Hydatid cyst is a parasitic infestation caused by Echinococcus granulosus. Dogs and related species are the definite host, sheep, goats and swine are intermediated host while humans get infection via fecal-oral route when the eggs excreted by the dogs or other hosts are ingested incidentally. The most common site of the disease is liver followed by lungs. Splenic hydatid cyst is a rare entity constituting only 4% of abdominal hydatid diseases.1 Its worldwide incidence is 0.5 to 4%2 and associated lung and liver involvement occurs in 20 to 30% cases.3, 4 The rarity of splenic hydatid cyst may pose a diagnostic challenge to the clinicians. In this case report, we present the case of a young boy from non-endemic area with concomitant splenic and liver hydatid cyst.
A 8-year-old boy resident of Chamba district was presented with abdominal pain, fever and left upper quadrant swelling. The swelling had started enlarging over past 4 months. All necessary routine investigations were carried out. All the investigations were within normal range except for hemoglobin of 9.4 mg/dl and raised ecchinococcus IGG serum levels. The CECT abdomen findings show calcified cyst in segments IV b and VI of liver measuring (24.7 x26.7) mm and (18.4x18.6) mm along with the splenic hydatid cyst measuring (6.4x7.7x6) cm with surrounding rim of fluid suggestive of pericyst fluid rupture with thin overlying parenchyma and splenomegaly. It was treated with enucleation of hydatid cyst with omentopexy with drainage of residual cavity and the diagnosis was confirmed on histopathological examination of cyst membrane. Pearly white cyst membrane was received in the department of pathology. Gross picture is shown in Figure 1 and microscopic examination showed endocyst with scolices as in Figure 3. A separate soft tissue was also received which on microscopy revealed pericyst as shown in Figure 2.
Splenic hydatid cyst is caused by Ecchinoccocus granulosus. It is generally seen in endemic area but should be considered as a differential diagnosis for the cases presenting with splenomegaly even from non-endemic areas. It is asymptomatic till it reaches to advanced size and patient presents with left upper quadrant pain and mass. At times it can present with vague symptoms of fever, burning micturition and vomiting with no splenomegaly.5 Hydatid cyst is common in liver and lungs and can affect other organs like spleen concominant with the lung and liver as in our case but isolated cases of splenic hydatid cyst are also recorded.6 The imaging and histopathological findings of splenic hydatid cyst are similar to those of hydatid cyst of liver or lungs. Hydatid cyst consist of three layers. The outermost is pericyst made up of fibrous tissue, middle layer is ectocyst which is laminated, hyaline and acellular membrane and the innermost layer is endocyst which is the germinating layer consisting of daughter cyst and brood capsule with scolices and which secretes the hydatid fluid internally and the laminated membrane externally producing new generations of parasites. The possible route of splenic hydatid cyst is arterial route through liver. The concomitant cases involving liver with spleen may be seen in 20-30% cases.3, 4 The differential diagnosis of hydatid cyst includes epidermoid cyst, pseudocyst, splenic abscesses, hematoma and cystic neoplasm.7 The standard treatment is total or partial splenectomy but in our case patient was treated with enucleation of cyst and omentopexy with drainage of residual cavity.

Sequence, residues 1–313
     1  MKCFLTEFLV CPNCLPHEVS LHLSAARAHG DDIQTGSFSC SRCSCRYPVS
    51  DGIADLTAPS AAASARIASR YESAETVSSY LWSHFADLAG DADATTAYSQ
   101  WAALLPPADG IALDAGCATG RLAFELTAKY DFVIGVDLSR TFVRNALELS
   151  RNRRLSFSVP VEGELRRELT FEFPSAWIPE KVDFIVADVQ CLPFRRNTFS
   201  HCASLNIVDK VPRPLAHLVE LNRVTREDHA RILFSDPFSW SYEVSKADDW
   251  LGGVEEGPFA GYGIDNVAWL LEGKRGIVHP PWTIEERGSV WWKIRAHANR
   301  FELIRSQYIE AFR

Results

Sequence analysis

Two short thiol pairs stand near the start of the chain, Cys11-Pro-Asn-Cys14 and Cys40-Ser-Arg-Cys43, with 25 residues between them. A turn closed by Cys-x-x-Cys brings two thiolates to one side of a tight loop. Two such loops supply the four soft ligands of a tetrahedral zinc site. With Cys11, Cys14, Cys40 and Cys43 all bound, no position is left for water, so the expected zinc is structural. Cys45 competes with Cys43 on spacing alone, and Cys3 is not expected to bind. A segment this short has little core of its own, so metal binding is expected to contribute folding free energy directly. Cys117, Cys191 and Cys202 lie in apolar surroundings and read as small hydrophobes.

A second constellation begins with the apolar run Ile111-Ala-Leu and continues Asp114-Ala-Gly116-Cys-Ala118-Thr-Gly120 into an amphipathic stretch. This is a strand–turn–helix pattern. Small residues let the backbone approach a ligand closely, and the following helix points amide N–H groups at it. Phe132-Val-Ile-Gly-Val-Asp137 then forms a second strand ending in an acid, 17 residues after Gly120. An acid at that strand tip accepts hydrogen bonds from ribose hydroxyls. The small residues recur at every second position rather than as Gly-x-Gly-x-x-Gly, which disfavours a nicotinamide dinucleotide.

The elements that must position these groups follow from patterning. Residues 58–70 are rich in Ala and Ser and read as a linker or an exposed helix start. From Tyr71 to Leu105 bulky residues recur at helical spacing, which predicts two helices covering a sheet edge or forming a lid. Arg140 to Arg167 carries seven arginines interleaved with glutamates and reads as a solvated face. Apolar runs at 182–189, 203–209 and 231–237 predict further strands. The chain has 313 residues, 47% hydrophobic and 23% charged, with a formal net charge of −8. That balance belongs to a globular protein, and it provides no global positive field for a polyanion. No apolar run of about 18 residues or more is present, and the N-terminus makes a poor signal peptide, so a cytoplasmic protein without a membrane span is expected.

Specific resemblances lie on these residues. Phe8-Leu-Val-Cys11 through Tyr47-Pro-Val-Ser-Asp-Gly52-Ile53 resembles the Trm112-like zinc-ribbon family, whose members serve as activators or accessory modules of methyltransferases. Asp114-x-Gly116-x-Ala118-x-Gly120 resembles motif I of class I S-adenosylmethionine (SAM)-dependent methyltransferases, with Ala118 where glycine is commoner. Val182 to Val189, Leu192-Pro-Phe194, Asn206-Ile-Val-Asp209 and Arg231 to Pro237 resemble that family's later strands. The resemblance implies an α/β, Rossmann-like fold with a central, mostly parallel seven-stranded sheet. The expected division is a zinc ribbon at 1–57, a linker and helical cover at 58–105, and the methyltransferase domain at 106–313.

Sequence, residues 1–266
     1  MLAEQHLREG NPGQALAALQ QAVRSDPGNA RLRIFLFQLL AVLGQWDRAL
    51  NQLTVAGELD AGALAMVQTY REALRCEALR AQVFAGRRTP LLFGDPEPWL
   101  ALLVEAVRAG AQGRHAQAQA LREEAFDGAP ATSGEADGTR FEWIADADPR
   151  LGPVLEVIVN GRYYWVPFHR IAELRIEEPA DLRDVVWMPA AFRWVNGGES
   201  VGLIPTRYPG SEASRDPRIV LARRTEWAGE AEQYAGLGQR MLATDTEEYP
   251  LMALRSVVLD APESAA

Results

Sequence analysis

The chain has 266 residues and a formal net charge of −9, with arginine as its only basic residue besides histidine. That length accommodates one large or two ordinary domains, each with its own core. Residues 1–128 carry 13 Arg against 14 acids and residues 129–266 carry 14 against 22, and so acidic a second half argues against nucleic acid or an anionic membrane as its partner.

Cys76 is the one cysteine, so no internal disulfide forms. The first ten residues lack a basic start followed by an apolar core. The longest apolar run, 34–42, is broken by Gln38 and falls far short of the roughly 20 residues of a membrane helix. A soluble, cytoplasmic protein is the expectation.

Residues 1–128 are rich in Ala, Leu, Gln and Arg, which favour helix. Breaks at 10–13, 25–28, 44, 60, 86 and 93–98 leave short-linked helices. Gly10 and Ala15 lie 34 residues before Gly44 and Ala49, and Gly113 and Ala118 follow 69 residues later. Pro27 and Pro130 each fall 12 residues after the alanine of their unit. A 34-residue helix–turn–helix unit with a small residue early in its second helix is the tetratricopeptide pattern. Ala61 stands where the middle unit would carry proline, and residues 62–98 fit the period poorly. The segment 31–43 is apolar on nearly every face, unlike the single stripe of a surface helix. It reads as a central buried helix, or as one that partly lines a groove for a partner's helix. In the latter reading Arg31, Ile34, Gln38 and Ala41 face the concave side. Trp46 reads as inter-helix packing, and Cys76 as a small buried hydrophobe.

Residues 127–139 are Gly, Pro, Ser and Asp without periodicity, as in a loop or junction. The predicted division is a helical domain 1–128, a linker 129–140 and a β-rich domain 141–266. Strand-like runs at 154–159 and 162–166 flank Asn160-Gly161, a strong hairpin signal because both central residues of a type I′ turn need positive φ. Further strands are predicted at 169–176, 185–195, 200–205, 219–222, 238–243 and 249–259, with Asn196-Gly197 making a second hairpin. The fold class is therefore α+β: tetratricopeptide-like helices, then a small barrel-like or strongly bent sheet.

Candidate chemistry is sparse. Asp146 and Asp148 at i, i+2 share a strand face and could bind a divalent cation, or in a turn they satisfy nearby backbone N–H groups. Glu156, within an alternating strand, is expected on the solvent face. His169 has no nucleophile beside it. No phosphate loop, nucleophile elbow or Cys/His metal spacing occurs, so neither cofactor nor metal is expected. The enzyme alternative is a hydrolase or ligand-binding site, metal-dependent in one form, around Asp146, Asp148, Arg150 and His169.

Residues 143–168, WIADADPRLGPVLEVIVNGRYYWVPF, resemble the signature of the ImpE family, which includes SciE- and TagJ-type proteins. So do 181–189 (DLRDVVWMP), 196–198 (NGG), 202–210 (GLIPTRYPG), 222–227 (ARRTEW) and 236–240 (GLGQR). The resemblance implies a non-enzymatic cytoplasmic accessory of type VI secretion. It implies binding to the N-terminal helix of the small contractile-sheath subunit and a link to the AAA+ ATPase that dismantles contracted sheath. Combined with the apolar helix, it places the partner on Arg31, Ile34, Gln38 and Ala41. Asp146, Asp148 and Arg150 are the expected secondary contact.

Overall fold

In our case report the patient was a young boy of 8 years residing in a non- endemic area. The patient was presented with fever, abdominal pain and left upper quadrant mass enlarging over past 4 months. This case report is to emphasize the need of considering hydatid cyst as a differential diagnosis of abdominal pain with splenomegaly in endemic as well as non- endemic regions as it needs the treatment before the wall ruptures and patient presents with the shock and anaphylactic reactions towards the fluid.